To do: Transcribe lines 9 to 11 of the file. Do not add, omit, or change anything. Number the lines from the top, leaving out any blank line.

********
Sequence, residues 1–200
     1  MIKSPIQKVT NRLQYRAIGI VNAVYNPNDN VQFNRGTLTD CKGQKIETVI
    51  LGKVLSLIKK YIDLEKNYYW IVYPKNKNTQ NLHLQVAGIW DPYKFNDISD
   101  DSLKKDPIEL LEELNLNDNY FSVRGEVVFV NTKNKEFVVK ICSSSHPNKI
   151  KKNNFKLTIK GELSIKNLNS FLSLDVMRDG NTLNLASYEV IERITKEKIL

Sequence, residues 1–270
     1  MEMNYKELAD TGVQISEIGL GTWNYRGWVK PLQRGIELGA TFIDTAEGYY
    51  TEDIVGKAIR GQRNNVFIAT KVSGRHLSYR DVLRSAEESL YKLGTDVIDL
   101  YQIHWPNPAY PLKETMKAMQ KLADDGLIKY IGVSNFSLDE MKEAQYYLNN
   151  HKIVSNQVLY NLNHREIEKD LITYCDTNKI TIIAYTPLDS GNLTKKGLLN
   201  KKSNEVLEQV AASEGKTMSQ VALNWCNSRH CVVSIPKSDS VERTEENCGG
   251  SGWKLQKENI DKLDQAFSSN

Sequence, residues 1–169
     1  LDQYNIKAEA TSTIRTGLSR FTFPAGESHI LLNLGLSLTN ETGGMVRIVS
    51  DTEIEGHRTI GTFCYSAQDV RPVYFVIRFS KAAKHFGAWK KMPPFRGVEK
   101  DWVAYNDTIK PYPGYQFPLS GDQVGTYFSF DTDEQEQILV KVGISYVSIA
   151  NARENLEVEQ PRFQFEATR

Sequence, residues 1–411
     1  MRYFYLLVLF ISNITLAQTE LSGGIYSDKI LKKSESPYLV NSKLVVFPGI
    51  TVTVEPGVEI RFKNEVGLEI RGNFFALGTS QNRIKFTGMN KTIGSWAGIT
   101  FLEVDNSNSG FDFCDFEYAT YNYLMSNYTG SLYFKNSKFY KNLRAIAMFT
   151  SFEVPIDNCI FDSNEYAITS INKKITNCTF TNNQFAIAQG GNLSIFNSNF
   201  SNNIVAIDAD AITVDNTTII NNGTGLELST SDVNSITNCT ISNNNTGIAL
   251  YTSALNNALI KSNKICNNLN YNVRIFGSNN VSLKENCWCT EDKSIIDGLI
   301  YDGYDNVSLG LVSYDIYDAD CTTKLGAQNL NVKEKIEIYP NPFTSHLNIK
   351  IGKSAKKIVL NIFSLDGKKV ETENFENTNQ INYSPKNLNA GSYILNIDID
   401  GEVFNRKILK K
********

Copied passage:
   101  YQIHWPNPAY PLKETMKAMQ KLADDGLIKY IGVSNFSLDE MKEAQYYLNN
   151  HKIVSNQVLY NLNHREIEKD LITYCDTNKI TIIAYTPLDS GNLTKKGLLN
   201  KKSNEVLEQV AASEGKTMSQ VALNWCNSRH CVVSIPKSDS VERTEENCGG